Tag Archives: Qatar

WISE Books: Third Book to be Published in 2014

KimJonesimageBy Kim Jones, CEO, Curriki

WISE is the World Innovation Summit for Education, established 4 years ago by the Qatar Foundation, under the patronage of Her Highness Sheika Moza bint Nasser. WISE works to build the future of education through innovation on the basis of “creative thinking, debate and purposeful action.” The WISE web site is here:  http://www.wise-qatar.org/

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WISE has produced two books to date, and a third is in development, for release during 2014. The books are designed to support and inspire innovation and best practices for 21st century education. The WISE Books are research-intensive, based on travel to a significant number of countries in order to examine educational initiatives, projects, and best practices around the world.

The third book in the series “will focus on the link between technology and learning and will investigate how the connected society is transforming learning.” We are all familiar with the rapid adoption of digital technology, and the increasing opportunities for collaboration and connectivity, eliminating barriers due to geography and also between disciplines.

This next book will be written by Graham Brown-Martin, who is the Founder of Education Design Labs. His blog is at http://learning-reimagined.com/ and will report on his travels to meet with educators and schools in Ghana, Lebanon, China, Singapore, Brazil, Jordan, Dubai, the U.K., India, Russia and the U.S. in support of the book’s development. Award-winning photographer Newsha Tavakolian will illustrate the book. Mr. Brown-Martin has an extensive career in the education technology and entertainment software industries, which places him in an ideal position to understand the best ways to engage children with technology for project-based learning, gamification in education, and other digital learning technologies.

You can find a very interesting interview with Mr. Brown-Martin regarding his views around 21st century education and his plans for the book here on the WISE web site: http://www.wise-qatar.org/technology-education. He wonders why “We continue to use technology to reinforce 19th century teaching practice.”

Curriki is here to help change that, to support the use of 21st century technology and 21st century practice in support of better learning outcomes and the rapidly evolving needs of students for an education relevant to our post-modern world.

I have been very pleased to attend WISE’s annual summits on behalf of Curriki. My report from last year’s event, themed “Collaborating for Change” is here: http://currikiblog.wordpress.com/2012/11/19/wise-2012-in-qatar-was-a-great-inspiration/.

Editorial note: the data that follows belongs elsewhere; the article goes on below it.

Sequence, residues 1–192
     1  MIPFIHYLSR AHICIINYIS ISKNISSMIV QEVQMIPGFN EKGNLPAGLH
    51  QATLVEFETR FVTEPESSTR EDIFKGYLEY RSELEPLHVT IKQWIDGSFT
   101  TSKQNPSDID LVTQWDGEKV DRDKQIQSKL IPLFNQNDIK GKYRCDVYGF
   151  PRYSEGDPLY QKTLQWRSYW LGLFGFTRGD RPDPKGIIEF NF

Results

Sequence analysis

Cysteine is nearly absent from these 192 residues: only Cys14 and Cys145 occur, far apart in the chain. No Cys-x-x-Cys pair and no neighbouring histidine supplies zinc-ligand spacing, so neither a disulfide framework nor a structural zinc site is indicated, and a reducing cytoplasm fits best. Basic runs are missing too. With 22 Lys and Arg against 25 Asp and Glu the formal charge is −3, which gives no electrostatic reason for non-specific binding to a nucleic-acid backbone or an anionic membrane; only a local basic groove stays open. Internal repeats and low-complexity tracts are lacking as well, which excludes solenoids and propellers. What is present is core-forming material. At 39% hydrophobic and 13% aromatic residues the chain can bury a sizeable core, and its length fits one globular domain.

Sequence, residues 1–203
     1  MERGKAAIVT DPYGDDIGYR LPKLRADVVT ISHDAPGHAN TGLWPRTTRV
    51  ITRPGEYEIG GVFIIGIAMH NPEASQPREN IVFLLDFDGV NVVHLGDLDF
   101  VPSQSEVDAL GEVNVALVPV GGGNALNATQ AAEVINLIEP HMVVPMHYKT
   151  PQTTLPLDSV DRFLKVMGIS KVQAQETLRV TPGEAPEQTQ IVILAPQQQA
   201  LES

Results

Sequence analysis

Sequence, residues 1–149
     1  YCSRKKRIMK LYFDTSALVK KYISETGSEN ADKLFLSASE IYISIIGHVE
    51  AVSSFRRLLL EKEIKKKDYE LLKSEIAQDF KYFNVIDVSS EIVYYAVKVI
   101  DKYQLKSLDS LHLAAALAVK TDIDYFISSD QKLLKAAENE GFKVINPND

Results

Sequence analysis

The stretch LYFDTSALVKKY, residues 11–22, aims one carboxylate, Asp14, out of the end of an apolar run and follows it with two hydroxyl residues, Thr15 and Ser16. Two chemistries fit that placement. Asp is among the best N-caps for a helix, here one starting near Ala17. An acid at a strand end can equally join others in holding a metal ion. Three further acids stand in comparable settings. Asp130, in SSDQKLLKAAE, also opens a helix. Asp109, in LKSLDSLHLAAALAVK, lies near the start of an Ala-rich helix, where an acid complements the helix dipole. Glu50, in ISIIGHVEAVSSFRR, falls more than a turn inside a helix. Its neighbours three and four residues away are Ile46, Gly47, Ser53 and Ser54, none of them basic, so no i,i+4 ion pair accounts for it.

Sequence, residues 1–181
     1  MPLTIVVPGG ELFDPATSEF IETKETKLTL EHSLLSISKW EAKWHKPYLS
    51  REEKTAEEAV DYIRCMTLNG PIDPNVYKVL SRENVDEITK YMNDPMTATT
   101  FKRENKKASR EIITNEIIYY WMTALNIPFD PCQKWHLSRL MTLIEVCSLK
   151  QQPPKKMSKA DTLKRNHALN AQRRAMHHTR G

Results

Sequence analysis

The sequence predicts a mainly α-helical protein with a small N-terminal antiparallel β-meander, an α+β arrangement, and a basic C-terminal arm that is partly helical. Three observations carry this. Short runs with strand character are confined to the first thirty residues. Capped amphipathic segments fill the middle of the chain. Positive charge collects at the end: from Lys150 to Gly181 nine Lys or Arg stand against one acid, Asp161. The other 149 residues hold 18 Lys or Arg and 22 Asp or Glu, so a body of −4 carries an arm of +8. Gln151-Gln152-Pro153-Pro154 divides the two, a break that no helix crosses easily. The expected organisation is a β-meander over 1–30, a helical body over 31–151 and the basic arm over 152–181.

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Kim Jones (3rd from left) with colleagues from Mauritius, Canada and Malaysia

We at Curriki are looking forward to seeing the third book from WISE when it is released next year, and we encourage you to visit the WISE web site links above.

WISE 2012 in Qatar Was a Great Inspiration!

By Kim Jones, Curriki CEO

I returned to the beautiful country of Qatar this year to attend the WISE 2012 Summit. This year’s theme was “collaborating for change.” I was honored to meet so many impassioned educators and prominent leaders from around the world who gathered here to discuss and inspire innovation in education.

Kim Jones (3rd from left) with colleagues from Mauritius, Canada and Malaysia

Whether I met someone from Rwanda or Malaysia, I was excited to find that everyone knows, loves and uses Curriki. This was one of the most rewarding moments of my time at Curriki! It is immensely satisfying to know that we are changing people’s lives in positive and tangible ways.

New Education Initiative Announced by Sheikha Mozah  

While I was there, Sheikha Mozah spoke about “Education First,” which is designed to help drive the Millennium Development Goal (MDG) around education by the end of year 2015 so that all children receive primary education.  There are 60 million children around the world with no access to education.  Some live in conflict zones where going to school could be a matter of life or death.  Some live in areas afflicted by natural disasters like the flooding in Bangladesh.  Some are refugees.  Thousands of refugees are headed to Lebanon and Jordan to escape the civil war in Syria. In many cases, parents are leaving so their children can continue in school since it is not safe or possible in many towns in Syria.